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The second benefit of sleep for memory comes after learning, one that effectively clicks the “save” button on those newly created files. In doing so, sleep protects newly acquired information, affording immunity against forgetting: an operation called consolidation.

That sleep sets in motion the process of memory consolidation was recognized long ago, and may be one of the oldest proposed functions of sleep. The first such claim in the written human record appears to be by the prophetic Roman rhetorician Quintilian (AD 35–100), who stated:

It is a curious fact, of which the reason is not obvious, that the interval of a single night will greatly increase the strength of the memory …. Whatever the cause, things which could not be recalled on the spot are easily coordinated the next day, and time itself, which is generally accounted one of the causes of forgetfulness, actually serves to strengthen the memory.

It was not until 1924 when two German researchers, John Jenkins and Karl Dallenbach, pitted sleep and wake against each other to see which one won out for a memory-savings benefit, a memory researchers’ version of the classic Coke vs. Pepsi challenge.

Their study participants first learned a list of verbal facts. Thereafter, the researchers tracked how quickly the participants forgot those memories over an eight-hour time interval, either spent awake or across a night of sleep.

Time spent asleep helped cement the newly learned chunks of information, preventing them from fading away. In contrast, an equivalent time spent awake was deeply hazardous to recently acquired memories, resulting in an accelerated trajectory of forgetting.

The experimental results of Jenkins and Dallenbach have now been replicated time and again, with a memory retention benefit of between 20 and 40 percent being offered by sleep, compared to the same amount of time awake.

This is not a trivial concept when you consider the potential advantages in the context of studying for an exam, for instance, or evolutionarily, in remembering survival-relevant information such as the sources of food and water and locations of mates and predators.

It was not until the 1950s, with the discovery of NREM and REM sleep, that we began to understand more about how, rather than simply if, sleep helps to solidify new memories.

Initial efforts focused on deciphering what stage(s) of sleep made immemorial that which we had imprinted onto the brain during the day, be it facts in the classroom, medical knowledge in a residency training program, or a business plan from a seminar.

We obtain most of our deep NREM sleep early in the night, and much of our REM sleep (and lighter NREM sleep) late in the night.

After having learned lists of facts, researchers allowed participants the opportunity to sleep only for the first half of the night or only for the second half of the night. In this way, both experimental groups obtained the same total amount of sleep (albeit short), yet the former group’s sleep was rich in deep NREM, and the latter was dominated instead by REM.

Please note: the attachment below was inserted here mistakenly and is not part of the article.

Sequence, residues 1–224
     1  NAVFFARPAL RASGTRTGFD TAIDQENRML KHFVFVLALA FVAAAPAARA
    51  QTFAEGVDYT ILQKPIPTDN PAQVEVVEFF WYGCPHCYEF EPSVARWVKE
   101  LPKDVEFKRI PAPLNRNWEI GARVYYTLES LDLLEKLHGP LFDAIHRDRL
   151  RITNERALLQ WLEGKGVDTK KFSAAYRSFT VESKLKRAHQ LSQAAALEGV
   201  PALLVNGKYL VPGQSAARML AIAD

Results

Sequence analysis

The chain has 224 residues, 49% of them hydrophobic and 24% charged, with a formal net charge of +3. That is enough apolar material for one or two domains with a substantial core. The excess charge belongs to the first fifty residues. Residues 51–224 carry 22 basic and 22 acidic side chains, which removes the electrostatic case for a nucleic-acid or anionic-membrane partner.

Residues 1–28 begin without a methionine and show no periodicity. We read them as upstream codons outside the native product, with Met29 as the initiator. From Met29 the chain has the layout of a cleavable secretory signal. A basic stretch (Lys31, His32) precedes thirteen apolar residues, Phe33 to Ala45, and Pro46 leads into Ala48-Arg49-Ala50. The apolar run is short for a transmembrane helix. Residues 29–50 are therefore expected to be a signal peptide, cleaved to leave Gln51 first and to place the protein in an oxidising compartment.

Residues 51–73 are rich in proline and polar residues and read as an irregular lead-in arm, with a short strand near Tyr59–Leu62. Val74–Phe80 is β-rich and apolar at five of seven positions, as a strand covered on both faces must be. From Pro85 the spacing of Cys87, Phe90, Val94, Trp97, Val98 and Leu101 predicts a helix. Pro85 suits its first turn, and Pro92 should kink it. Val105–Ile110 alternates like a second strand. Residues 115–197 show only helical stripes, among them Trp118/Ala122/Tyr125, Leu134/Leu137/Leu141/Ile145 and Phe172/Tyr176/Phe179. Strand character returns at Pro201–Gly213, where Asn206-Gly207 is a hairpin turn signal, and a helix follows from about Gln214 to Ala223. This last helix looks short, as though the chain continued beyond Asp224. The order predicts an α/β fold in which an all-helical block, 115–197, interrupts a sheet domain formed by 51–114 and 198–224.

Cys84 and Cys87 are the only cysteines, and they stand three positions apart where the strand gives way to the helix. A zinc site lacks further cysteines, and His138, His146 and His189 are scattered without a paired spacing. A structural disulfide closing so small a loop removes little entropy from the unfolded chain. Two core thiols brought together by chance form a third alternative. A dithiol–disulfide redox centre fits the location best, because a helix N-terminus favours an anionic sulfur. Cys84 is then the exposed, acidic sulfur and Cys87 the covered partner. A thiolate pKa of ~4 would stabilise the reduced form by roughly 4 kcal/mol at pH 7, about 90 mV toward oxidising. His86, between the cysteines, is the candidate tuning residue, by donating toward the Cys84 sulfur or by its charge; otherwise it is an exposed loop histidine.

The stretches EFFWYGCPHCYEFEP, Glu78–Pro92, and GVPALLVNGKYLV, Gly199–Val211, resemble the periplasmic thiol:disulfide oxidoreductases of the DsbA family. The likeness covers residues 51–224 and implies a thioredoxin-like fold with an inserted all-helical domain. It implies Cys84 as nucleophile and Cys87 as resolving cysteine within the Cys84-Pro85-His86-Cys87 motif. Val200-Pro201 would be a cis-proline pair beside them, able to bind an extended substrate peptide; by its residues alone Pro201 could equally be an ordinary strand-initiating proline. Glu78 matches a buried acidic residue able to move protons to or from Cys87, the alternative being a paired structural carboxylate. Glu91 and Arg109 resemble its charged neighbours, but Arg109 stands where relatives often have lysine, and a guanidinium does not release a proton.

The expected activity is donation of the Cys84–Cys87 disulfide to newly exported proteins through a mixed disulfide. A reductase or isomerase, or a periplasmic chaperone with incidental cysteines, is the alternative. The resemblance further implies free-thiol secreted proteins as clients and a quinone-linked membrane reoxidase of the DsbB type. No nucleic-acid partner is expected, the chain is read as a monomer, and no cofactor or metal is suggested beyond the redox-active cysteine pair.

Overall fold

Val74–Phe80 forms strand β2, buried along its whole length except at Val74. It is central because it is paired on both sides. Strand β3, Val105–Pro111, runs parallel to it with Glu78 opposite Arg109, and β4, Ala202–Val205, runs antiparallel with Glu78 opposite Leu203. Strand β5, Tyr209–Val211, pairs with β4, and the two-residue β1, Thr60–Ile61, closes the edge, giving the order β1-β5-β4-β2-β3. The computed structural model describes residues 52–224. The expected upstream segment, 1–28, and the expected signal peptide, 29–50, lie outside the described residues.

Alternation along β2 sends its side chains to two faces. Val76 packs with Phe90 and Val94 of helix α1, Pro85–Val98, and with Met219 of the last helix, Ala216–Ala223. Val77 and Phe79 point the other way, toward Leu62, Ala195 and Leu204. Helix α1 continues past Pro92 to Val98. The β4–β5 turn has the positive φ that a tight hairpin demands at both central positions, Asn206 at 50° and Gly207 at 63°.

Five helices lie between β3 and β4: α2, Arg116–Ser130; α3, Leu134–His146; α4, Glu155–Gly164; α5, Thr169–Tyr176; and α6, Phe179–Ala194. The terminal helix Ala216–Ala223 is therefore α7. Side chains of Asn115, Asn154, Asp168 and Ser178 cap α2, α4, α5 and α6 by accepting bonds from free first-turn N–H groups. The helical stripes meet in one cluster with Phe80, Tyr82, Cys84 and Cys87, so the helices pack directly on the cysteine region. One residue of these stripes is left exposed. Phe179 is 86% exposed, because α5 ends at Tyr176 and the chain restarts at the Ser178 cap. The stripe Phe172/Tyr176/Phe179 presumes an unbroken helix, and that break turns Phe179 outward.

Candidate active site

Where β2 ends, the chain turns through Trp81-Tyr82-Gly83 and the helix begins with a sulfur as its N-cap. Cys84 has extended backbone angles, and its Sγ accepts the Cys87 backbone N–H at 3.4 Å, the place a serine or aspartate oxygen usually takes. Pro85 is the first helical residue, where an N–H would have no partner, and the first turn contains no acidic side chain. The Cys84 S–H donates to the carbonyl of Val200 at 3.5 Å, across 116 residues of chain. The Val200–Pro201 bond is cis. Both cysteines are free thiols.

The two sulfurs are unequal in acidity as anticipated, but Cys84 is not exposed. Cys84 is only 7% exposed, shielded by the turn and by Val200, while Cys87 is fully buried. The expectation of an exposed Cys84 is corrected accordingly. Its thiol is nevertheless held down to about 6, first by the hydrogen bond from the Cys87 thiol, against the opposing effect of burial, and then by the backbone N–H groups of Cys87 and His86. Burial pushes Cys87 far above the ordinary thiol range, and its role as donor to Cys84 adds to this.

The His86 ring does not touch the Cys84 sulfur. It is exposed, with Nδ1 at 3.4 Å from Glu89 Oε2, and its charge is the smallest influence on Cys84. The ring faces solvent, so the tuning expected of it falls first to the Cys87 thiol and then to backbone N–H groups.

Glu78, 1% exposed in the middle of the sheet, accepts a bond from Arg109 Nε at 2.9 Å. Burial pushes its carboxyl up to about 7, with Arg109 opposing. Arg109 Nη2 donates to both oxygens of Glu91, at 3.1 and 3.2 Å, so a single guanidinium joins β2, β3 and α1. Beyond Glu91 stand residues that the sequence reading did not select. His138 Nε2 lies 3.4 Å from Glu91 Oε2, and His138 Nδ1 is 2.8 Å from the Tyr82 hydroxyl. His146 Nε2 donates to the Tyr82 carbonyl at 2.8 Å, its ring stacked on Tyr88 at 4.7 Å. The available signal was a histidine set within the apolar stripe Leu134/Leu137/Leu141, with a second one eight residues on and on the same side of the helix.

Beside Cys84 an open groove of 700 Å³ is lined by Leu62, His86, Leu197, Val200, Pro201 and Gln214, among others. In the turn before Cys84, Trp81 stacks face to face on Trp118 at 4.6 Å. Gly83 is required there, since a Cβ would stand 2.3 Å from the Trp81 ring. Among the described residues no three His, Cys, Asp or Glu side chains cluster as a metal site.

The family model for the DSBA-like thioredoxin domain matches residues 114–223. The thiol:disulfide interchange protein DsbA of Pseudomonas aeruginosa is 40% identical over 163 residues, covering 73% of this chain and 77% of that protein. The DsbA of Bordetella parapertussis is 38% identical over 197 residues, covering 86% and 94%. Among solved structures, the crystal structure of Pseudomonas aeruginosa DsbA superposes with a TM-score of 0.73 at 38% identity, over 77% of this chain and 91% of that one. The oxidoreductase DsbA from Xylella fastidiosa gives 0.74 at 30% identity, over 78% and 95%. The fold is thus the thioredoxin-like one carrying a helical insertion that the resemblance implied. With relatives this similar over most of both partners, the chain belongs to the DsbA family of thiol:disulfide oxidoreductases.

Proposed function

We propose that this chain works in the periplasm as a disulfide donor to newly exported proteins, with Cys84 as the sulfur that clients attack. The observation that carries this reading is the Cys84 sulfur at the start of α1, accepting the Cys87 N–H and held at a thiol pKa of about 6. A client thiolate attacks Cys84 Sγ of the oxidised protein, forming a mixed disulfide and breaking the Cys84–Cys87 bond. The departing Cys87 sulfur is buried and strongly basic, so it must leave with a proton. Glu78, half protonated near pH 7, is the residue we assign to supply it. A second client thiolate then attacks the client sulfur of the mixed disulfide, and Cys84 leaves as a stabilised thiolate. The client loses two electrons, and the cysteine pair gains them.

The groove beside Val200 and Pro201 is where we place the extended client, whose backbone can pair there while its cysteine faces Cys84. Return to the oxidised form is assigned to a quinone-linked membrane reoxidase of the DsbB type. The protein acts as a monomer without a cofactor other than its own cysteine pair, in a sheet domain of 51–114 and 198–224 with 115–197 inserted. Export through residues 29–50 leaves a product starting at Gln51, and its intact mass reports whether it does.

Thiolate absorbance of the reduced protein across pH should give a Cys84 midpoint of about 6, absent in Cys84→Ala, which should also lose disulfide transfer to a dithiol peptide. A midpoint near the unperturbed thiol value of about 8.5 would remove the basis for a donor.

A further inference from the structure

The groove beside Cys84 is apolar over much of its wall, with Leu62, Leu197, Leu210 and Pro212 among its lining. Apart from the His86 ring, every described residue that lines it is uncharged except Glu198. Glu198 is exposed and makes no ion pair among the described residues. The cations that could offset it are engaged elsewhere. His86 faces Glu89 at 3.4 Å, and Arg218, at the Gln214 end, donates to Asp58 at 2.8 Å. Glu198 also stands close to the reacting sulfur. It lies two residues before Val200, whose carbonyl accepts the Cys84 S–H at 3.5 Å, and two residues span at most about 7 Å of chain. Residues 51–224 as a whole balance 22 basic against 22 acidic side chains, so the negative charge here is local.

The stage was set for a battle royal between the two types of sleep. The question: Which sleep period would confer a greater memory savings benefit—that filled with deep NREM, or that packed with abundant REM sleep?

For fact-based, textbook-like memory, the result was clear. It was early-night sleep, rich in deep NREM, that won out in terms of providing superior memory retention savings relative to late-night, REM-rich sleep.

Study infants, young kids, or adolescents and you see the very same overnight memory benefit of NREM sleep, sometimes even more powerfully so.

For those in midlife, forty- to sixty-year-olds, deep NREM sleep continues to help the brain retain new information in this way, with the decline in deep NREM sleep and the deterioration in the ability to learn and retain memories in old age having already been discussed.

At every stage of human life, the relationship between NREM sleep and memory solidification is therefore observed. It’s not just humans, either. Studies in chimpanzees, bonobos, and orangutans have demonstrated that all three groups are better able to remember where food items have been placed in their environments by experimenters after they sleep.

Descend down the phylogenetic chain to cats, rats, and even insects, and the memory-maintaining benefit of NREM sleep remains on powerful display.

Not only does sleep maintain those memories you have successfully learned before bed, but it will even salvage those that appeared to have been lost soon after learning.

In other words, following a night of sleep you regain access to memories that you could not retrieve before sleep. Like a computer hard drive where some files have become corrupted and inaccessible, sleep offers a recovery service at night.

Having repaired those memory items, rescuing them from the clutches of forgetting, you awake the next morning able to locate and retrieve those once unavailable memory files with ease and precision. The “ah yes, now I remember” sensation that you may have experienced after a good night of sleep.

Coach HB

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